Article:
CL&P's $300M Plan To Prevent Power Outages OK'd

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The three storms over 2011 and 2012 prompted Connecticut Light & Power to begin an aggressive five year plan to make Fairfield County and the state better prepared for future severe weather. Photo Credit: Alissa Smith, file photo

FAIRFIELD COUNTY, Conn. – Extensive statewide tree trimming and thicker power lines are part of Connecticut Light & Power's $300 million plan to fight the power outages residents have endured in recent years. 

The five-year program will focus on tree trimming; installing coated, thicker-gauge wire; and strengthening utility poles, cross-arms and system equipment. The plan will cost the company $300 million and was recently approved by the Connecticut Public Utilities Regulatory Authority.

"This investment will benefit our customers by improving the day-to-day reliability of our system and making it less vulnerable to outages caused by extreme weather," said Bill Quinlan, CL&P’s senior vice president of emergency preparedness, in a statement.

More than half of the $300 million will go to a tree trimming effort across the state. Fallen branches and downed trees cause most of the power outages during severe weather, the statement from CL&P said.

Tree trimming has reduced outages in some parts of Connecticut, the utility said. 

Beginning in 2014 CL&P will install thicker wire that has a protective coating, known as "tree wire," that can better withstand damage from falling branches or trees.Utility poles and cross-arms also will be replaced.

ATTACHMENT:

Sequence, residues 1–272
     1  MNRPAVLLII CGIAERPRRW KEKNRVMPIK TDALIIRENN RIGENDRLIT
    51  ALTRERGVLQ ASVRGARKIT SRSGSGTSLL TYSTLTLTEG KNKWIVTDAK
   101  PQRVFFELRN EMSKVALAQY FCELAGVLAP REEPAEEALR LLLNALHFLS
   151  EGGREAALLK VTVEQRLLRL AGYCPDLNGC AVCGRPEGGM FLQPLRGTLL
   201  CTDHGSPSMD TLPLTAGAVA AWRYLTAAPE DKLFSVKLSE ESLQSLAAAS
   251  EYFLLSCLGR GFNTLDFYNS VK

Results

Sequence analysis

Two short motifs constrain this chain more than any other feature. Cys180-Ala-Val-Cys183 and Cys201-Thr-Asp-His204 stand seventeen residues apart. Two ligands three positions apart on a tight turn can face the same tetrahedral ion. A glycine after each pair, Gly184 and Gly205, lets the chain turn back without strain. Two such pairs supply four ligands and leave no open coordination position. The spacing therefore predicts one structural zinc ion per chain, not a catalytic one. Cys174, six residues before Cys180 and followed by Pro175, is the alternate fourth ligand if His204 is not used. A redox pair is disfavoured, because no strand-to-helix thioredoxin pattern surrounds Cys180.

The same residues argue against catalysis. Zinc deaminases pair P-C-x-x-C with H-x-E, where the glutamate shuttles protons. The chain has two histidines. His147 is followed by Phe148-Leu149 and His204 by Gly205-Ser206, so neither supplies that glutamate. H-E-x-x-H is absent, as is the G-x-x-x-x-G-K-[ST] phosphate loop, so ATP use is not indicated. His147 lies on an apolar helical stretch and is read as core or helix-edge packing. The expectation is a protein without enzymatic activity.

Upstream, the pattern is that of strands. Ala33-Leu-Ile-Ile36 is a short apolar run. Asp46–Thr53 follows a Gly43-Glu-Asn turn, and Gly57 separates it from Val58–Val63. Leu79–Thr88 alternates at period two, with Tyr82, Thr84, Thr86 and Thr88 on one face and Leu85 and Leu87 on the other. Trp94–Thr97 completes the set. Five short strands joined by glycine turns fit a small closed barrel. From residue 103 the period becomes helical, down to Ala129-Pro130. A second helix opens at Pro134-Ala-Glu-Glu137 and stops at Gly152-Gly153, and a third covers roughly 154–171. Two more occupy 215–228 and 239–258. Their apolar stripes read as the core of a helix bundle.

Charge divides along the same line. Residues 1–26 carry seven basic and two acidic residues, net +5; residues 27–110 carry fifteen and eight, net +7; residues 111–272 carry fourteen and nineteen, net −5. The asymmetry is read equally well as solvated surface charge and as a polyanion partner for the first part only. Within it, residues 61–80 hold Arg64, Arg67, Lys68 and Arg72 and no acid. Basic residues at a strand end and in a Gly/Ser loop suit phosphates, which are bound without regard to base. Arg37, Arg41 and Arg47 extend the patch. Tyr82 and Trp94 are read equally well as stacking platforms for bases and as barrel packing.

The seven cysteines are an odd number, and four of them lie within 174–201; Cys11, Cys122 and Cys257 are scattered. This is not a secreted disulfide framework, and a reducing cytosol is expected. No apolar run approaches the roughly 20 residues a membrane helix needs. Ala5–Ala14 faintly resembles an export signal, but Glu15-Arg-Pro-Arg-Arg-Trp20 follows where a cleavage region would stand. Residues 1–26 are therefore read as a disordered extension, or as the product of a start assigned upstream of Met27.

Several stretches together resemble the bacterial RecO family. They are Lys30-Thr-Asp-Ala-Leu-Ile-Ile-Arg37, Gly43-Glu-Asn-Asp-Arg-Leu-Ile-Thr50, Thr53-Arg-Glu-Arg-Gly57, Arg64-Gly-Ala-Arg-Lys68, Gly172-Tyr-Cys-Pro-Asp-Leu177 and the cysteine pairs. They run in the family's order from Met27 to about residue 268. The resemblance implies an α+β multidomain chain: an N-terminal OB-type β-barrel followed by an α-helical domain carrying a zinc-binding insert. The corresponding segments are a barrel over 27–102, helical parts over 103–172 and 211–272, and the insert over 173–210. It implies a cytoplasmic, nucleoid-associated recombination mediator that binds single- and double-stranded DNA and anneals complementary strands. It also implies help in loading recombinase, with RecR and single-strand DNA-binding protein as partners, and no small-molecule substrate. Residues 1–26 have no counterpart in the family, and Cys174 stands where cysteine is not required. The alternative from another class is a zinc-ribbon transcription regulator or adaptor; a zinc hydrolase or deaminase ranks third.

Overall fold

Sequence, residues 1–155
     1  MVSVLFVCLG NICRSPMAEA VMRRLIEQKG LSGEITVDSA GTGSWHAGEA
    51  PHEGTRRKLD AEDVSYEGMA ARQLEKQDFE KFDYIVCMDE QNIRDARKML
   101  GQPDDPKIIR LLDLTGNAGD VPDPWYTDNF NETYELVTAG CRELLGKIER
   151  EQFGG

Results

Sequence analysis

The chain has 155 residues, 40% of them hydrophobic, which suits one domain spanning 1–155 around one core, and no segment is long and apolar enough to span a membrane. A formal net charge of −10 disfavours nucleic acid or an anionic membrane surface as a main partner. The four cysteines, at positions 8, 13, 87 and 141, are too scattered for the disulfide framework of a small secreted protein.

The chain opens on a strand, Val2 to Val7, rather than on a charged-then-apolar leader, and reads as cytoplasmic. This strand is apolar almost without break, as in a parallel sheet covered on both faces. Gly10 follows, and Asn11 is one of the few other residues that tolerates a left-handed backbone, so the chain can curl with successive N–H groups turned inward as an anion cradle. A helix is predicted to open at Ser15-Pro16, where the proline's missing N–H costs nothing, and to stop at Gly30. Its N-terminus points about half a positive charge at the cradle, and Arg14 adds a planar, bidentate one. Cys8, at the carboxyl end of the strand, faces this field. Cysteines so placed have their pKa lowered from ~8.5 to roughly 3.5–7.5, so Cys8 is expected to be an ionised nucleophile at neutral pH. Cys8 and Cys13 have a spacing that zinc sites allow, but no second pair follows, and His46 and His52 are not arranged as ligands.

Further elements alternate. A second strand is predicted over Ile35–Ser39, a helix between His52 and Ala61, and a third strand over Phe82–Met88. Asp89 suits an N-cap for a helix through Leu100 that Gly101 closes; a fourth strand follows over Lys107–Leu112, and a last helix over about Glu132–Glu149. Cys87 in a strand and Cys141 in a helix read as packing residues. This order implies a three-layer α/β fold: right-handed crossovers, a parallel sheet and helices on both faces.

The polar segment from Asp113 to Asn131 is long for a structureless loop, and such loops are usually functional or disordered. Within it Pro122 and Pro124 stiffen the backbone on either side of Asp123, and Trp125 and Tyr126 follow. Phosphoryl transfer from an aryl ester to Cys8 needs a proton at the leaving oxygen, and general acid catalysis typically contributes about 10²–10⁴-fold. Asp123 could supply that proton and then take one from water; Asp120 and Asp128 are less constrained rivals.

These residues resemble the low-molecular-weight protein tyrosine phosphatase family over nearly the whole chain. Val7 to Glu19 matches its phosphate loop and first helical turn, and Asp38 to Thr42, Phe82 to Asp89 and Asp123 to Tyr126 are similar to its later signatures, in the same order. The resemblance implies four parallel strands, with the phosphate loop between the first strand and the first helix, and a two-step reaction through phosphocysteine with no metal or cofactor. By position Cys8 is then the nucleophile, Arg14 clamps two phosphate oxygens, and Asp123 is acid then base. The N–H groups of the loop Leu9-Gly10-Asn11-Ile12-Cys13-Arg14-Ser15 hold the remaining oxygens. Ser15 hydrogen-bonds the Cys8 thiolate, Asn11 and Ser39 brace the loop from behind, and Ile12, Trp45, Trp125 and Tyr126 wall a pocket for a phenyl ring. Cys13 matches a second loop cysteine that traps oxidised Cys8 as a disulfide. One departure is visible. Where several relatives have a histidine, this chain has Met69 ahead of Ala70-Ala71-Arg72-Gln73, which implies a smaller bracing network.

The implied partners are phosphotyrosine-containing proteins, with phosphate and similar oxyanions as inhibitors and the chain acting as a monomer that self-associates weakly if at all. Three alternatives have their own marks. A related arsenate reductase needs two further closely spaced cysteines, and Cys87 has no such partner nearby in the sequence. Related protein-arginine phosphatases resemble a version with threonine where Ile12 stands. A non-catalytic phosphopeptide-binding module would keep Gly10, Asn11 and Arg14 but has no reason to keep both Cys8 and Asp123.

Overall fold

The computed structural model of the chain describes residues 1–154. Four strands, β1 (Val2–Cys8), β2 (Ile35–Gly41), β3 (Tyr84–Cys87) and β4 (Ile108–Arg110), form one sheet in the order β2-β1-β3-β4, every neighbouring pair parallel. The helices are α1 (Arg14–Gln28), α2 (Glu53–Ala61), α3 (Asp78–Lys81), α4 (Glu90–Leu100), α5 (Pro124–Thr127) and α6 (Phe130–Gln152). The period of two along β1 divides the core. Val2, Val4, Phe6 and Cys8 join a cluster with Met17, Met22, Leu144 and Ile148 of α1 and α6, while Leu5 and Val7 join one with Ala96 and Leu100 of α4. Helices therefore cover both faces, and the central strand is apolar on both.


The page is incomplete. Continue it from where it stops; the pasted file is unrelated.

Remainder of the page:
The work will be concentrated in areas that "have historically experienced a number of outages during day-to-day operations or as a result of severe weather," the utility said. 

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Comments (3)

Adam Droit:

Take down all the trees growing under the wires and replace them with trees that won't grow more than 20 feet or so. Japanese Maple, Bradford Pear, crab apple, and of course the native dogwood.


The so-called "tree trimming" I have seen to prevent trees from hitting or falling onto wires is more like "tree butchery." The focus on trees falling onto wires leaves v-shaped or one-sided trees, weakened limbs with little internal support all in an effort to "clear the wires." I absolutely agree with "stuartmowat" in this: until the area is sectioned off and, section by section, the wires are buried to make the expense of it more affordable, putting 300 million dollars into this preventive project is "throwing good money after bad". The constant cutting of trees, the removal after the storms, the repair of wires post inclement weather, all of this is costing a lot of money with every, more frequent damaging storm we endure. Resolve the problem. Finally. Bury the wires.


That's great, as a start. But the problem will never be resolved until the utility buries the wires.

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